Are you graduating in May? Are you feeling excited, thrilled, on top of the world? Or are you perhaps feeling a bit nervous, uneasy, and maybe even a little nauseous? We at the PF understand that the thought of looking for a job right now is daunting. Even though we teach you about Freudian defense mechanisms in class, though, that doesn’t mean we endorse over-use of them! Denial might seem like a good strategy (Job? What do you mean I need to find a job?) now, but it’s probably not in your long-term best interests. Our Career Tip of the Month, therefore, is to check out the wonderful work done by UW-Green Bay’s Career Services (http://www.uwgb.edu/careers/). They can assist you with your resume, cover letter, interviewing skills, and job search strategies, and most of their services are free to you as a current student. Take advantage of those services now before you graduate, and don’t let fear delay putting you on the path to career success!
If you think you want to teach, but you do not have the credentials from an approved Education program that would make you eligible for certification, consider investigating the Milwaukee Teaching Fellows program. It is a competitive program that can help highly qualified candidates with bachelor’s degrees in other areas become certified to teach in Wisconsin as they teach full-time in Milwaukee (and are paid to do so) and pursue the coursework needed for licensure. Our quick read of their website seems to indicate that individuals might be able to teach math, science (if they have majors in those areas), special education, or elementary bilingual education (if fluent in English and Spanish). It can be dangerous to rely on your Editors’ quick reading skills, though, so learn more for yourself by visiting the program’s website at: http://www.milwaukeeteachingfellows.org/.
We at the PF understand that the prospect of job hunting feels particularly daunting right now. How can you cope with anxiety about the job market? Be prepared. Some great ways to start include:
- Visit the Career Services’ website at http://www.uwgb.edu/careers/. You’ll find a great article about how to deal with a tight job market, as well as the opportunity to join a webinar on February 11th that will address how to thrive in that market.
- Attend the Human Services’ Networking Night on Monday, February 23, 2009 from 4:30-6:30 p.m. in Phoenix C. Learn more about the potential employers who will be in attendance and about Networking Nights in general at: http://www.uwgb.edu/careers/NetworkingNights.htm.
- Plan now to attend the Spring 2009 Job and Internship Fair on March 4, 2009 from 9:30-1:00 p.m. in the Phoenix Rooms.
Obtaining the job of your dreams does not begin with the job search just before graduation. It begins now with course selection, extracurricular activities, skill-building, and part-time employment. It also begins with networking – making connections in the community, meeting potential future employers, and practicing professional communication skills. Not sure when or how to begin with networking? Plan to attend Career Services’ “Networking Nights”! Networking Nights are regular opportunities to connect with professionals from diverse career areas. You can find out more about the program at: http://www.uwgb.edu/careers/NetworkingNights.htm. Upcoming dates (and attending organizations) are listed below. Several of them are businesses, but keep in mind that many of our Psychology and Human Development students take entry-level positions in businesses as their first jobs. Please also note that local human service agencies will be on campus one evening next semester.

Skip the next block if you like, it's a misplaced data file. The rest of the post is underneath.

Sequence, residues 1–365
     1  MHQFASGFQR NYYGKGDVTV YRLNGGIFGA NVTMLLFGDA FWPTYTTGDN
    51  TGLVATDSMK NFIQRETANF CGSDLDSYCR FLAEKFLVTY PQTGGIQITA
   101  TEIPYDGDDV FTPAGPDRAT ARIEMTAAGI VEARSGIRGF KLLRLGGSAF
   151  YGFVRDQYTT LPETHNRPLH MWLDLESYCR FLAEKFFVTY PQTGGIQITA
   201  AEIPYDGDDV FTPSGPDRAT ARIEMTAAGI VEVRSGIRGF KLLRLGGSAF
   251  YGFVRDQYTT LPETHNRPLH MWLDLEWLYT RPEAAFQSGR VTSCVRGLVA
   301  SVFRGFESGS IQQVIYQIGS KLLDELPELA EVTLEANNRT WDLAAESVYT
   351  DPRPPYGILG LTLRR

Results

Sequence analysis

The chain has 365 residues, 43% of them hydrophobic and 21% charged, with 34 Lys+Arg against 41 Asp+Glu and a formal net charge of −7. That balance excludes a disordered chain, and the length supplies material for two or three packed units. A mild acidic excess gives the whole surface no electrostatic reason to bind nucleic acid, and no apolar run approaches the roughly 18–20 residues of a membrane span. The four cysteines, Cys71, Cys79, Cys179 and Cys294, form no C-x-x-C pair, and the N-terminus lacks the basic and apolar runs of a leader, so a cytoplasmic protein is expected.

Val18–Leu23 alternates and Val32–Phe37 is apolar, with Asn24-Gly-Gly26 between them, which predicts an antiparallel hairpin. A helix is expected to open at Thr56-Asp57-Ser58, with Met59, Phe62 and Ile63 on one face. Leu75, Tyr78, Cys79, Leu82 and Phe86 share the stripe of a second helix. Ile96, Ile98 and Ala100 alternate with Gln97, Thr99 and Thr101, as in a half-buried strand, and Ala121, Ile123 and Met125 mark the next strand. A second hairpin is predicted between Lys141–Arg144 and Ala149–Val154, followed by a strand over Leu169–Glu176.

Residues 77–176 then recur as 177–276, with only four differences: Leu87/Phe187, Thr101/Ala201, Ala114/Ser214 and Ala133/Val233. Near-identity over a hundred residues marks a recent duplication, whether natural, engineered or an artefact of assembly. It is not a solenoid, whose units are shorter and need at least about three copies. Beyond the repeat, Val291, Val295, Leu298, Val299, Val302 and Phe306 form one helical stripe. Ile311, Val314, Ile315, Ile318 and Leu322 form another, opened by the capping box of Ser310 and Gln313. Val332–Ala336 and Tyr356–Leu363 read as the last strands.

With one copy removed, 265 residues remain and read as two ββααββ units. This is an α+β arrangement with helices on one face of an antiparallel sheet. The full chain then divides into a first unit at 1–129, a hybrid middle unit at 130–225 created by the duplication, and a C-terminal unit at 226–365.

October 20 – M&I Bank
November 3 – Nsight/Cellcom
November 17 – Sherwin Williams
February 9 – Schenck Business Solutions
February 23 – Area human service organizations
March 9 – Associated Bank
March 30 – LaForce
April 13 – BayLake Bank
April 27 – Virchow Krause
Career Services has a fabulous line-up of offerings for Fall 2008. Make sure to put the Job/Internship Fair on your calendars: October 1st from 9:30-1:00 in the Phoenix Rooms. First year students through seniors can benefit from attending. Find tips and details at: http://www.uwgb.edu/careers/2008_FJIF.htm
Career Services will also be presenting workshops on interviewing and creating resumes and cover letters. Each will be offered twice – once in September and October. See the complete schedule at: http://www.uwgb.edu/careers/
Remember, Dr. Eric Landrum from Boise State University will offer his thoughts on careers you can pursue with a Psychology major on April 16th at 6 p.m. in Rose Hall 250 (see previous Psi Chi item). Why listen to us when you can get information from a real expert? That means our best career advice this month is to attend his presentation!
We hope most of you already know about the PRO System that is run through the Career Services Office on campus. If not, let the PF be the first to tell you that it’s a great system that allows you to search for available internships and part-time and full-time jobs. Many of you may be thinking it will only be of use when you graduate, but that’s not true! You can access PRO and look for an internship or summer job that helps build your resume. In addition, once you are ready to head onto the job market full-time, it is a great resource for finding that first job. For example, two recent posts to the system were for a full-time Victim Advocate at Golden House and for a Volunteer Coordinator at Harbor House, both domestic violence shelters in the area. To learn more about and access PRO, click here: http://www.uwgb.edu/careers/PROstudents.htm